Author Topic: piked to death  (Read 6361 times)

Offline Oaks and Acorns

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Re: piked to death
« Reply #9 on: Friday 25 September 09 20:32 BST (UK) »
As follow-up to this thread I sent an e-mail to the archivist at the House of Commons to try and track down the affidavits mentioned in the book above - "Such affidavits were numerically registered in the archives of the house of commons".

Rather than trying to paraphrase the reply I will give it to you verbatim

The reference you have found is most interesting. Unfortunately I have not been able to find any information in the Archives about it. The original historic records of the House of Commons were almost all destroyed in 1834 in the fire which burnt down the old Houses of Parliament; the only items to survive were the House of Commons Journals (the minute book of proceedings). I fear the original register of affidavits mentioned here will have simply have been burned in the fire.
 
I have looked in the Journal indexes for around 1798, and also searched House of Commons Parliamentary Papers (printed Commons papers such as reports and accounts) but have been unable to find any mention of them there. I am sorry to give you this disappointing answer.

It puts our fire in the Four Courts into a different perspective.

Dara.

Offline nbrome

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Re: piked to death
« Reply #10 on: Saturday 26 September 09 06:39 BST (UK) »
Anyway, it's nice to know someone actually took the time to look pretty thoroughly.

Offline Wexford Man

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Re: piked to death
« Reply #11 on: Tuesday 20 October 09 21:42 BST (UK) »
Doing some research for my husband's family name: Gainsforth and all variations.
His American branch came from Wexford and I found a reference on the net to a Thomas Gainsforth who was piked to death along with 96 others on Wexford Bridge in the Rising of 1798.
Does anyone know anything about this? I wonder how reliable this info is. Are the names recorded somewhere?
(I got the info from an Ancestry Freepage).

The book you want is Sir Richard Musgrave's History of the 1798 Rebellion which lists the 'loyalist' victims names of most major incidents and if my memory serves me right his account of the pikings at Wexford Bridge has a list of names. The book originally appeared in 1799/1800 but was reprinted in 1995 and is still available in the USA. Roundtower Books - Indiana. It is a massive tome and well worth having - biased but full of information.


Memoirs of the Different Rebellions in Ireland, from the Arrival of the English; also, A Particular Detail of That Which Broke Out the XXIIId of May, MDCCXCVIII; with the History of the Conspiracy which Preceded It and the Characters of the Principal Actors in It. To this Edition is Added, A Concise History of the Reformation of Ireland; and Considerations on the Means of Extending Its Advantages Therein [2nd edn.] (Dublin: Milliken 1801); Strictures upon an Historical Review of the State of Ireland [by Francis Plowden]; Or, a justification of the conduct of the English Governments in that Country, from the Reign of Henry the Second to the Union of Great Britain and Ireland (1804). Reprint Edition: Steven W. Myers and Delores E. McKnight, eds., Memoirs of the Irish Rebellion of 1798 [first edn. 1801], with a forward by David Dickson (Enniscorthy: Duffy Press; Fort Wayne, Indiana: Round Tower Books 1995).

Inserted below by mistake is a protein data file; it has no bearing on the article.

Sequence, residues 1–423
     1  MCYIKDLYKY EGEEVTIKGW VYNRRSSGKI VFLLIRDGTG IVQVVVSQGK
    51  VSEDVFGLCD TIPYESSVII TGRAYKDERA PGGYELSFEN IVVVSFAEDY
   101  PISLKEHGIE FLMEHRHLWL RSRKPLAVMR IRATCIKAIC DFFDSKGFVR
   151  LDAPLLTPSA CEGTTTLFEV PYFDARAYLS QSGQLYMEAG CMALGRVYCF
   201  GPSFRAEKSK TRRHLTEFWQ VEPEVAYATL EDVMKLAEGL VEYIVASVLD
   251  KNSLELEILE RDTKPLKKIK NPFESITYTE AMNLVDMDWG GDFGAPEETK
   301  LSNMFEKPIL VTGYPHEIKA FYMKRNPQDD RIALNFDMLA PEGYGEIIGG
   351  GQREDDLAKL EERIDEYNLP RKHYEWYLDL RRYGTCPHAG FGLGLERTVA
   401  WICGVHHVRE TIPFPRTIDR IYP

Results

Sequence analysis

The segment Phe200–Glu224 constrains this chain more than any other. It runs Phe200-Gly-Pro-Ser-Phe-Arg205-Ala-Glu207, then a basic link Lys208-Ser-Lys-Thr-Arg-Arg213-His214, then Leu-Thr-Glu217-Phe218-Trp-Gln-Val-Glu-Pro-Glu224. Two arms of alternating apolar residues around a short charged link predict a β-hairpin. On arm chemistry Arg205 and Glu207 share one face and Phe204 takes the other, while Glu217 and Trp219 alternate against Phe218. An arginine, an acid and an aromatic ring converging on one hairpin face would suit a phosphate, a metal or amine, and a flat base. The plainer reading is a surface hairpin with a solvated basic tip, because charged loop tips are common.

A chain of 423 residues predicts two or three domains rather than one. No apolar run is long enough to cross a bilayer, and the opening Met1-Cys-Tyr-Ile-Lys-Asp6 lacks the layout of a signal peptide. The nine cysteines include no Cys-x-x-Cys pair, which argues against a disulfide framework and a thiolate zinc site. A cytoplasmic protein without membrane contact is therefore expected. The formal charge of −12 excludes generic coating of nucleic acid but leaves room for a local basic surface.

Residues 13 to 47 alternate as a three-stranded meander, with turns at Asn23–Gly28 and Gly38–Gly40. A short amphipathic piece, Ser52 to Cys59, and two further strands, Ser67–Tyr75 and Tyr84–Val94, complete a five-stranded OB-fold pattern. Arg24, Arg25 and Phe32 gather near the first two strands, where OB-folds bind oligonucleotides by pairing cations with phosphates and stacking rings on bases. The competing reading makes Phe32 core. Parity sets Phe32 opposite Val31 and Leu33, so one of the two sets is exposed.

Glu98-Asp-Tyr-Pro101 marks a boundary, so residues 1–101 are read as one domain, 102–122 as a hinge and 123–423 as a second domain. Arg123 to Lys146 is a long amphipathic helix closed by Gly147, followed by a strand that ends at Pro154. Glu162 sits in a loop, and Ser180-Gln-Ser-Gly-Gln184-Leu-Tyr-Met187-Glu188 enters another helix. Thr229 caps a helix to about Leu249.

Offline nbrome

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Re: piked to death
« Reply #12 on: Wednesday 21 October 09 06:22 BST (UK) »
Thanks for that info.
Is your first book mentioned the same as the book for which Oaks and Acorns put in a link (see earlier post)?  The author is the same and there are lots of names there.

Offline Wexford Man

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Re: piked to death
« Reply #13 on: Wednesday 21 October 09 22:12 BST (UK) »
Sorry for the delay in coming back to you. I went to the local library today and checked the book by Sir Richard Musgrave that I referred to above. Page 805 (part of the list of those murdered at Wexford Bridge) shows a Thomas Gainfort of Wexford being one of the victims. Musgrave's history of the rebellion was discredited it the time as it was extremely biased but in recent years it has enjoyed a revival in popularity amongst historians as it is full of very detailed information including lists of names etc.etc. A veritable mine of information for anyone researching the period or looking for family members. Two of my relations are also listed as meeting their end at Wexford Bridge - ethnic cleansing at its worst! Anyway I hope that the information is some help to you. :)

Offline Oaks and Acorns

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Re: piked to death
« Reply #14 on: Friday 30 October 09 13:37 GMT (UK) »
I came across this CD '1798 Rebellion, Claimants and Surrender' at http://www.ifhs.ie/reviews_cd.html

Thought it might be of use to you.

Dara.

Offline nbrome

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Re: piked to death
« Reply #15 on: Friday 30 October 09 15:30 GMT (UK) »
Thanks for that info.
Er...........has anyone bought this?      (Just thought I'd ask!)

Offline jimbo09

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Re: piked to death
« Reply #16 on: Monday 23 December 19 17:31 GMT (UK) »
I found a list of names from Musgrave under Irish genealogy projects archives at igp-web.com
Im sorry I cant post the link it was some time ago
See if you can find it
Dowzard, Hurley, Johnston, Cleland, Sillery, Hanbury, Sparrow, Parker, Hall

Offline Andrew Graham

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Re: piked to death
« Reply #17 on: Monday 23 December 19 18:02 GMT (UK) »
Re Piked to  death  See '1798 Casualty Database" it's on Facebook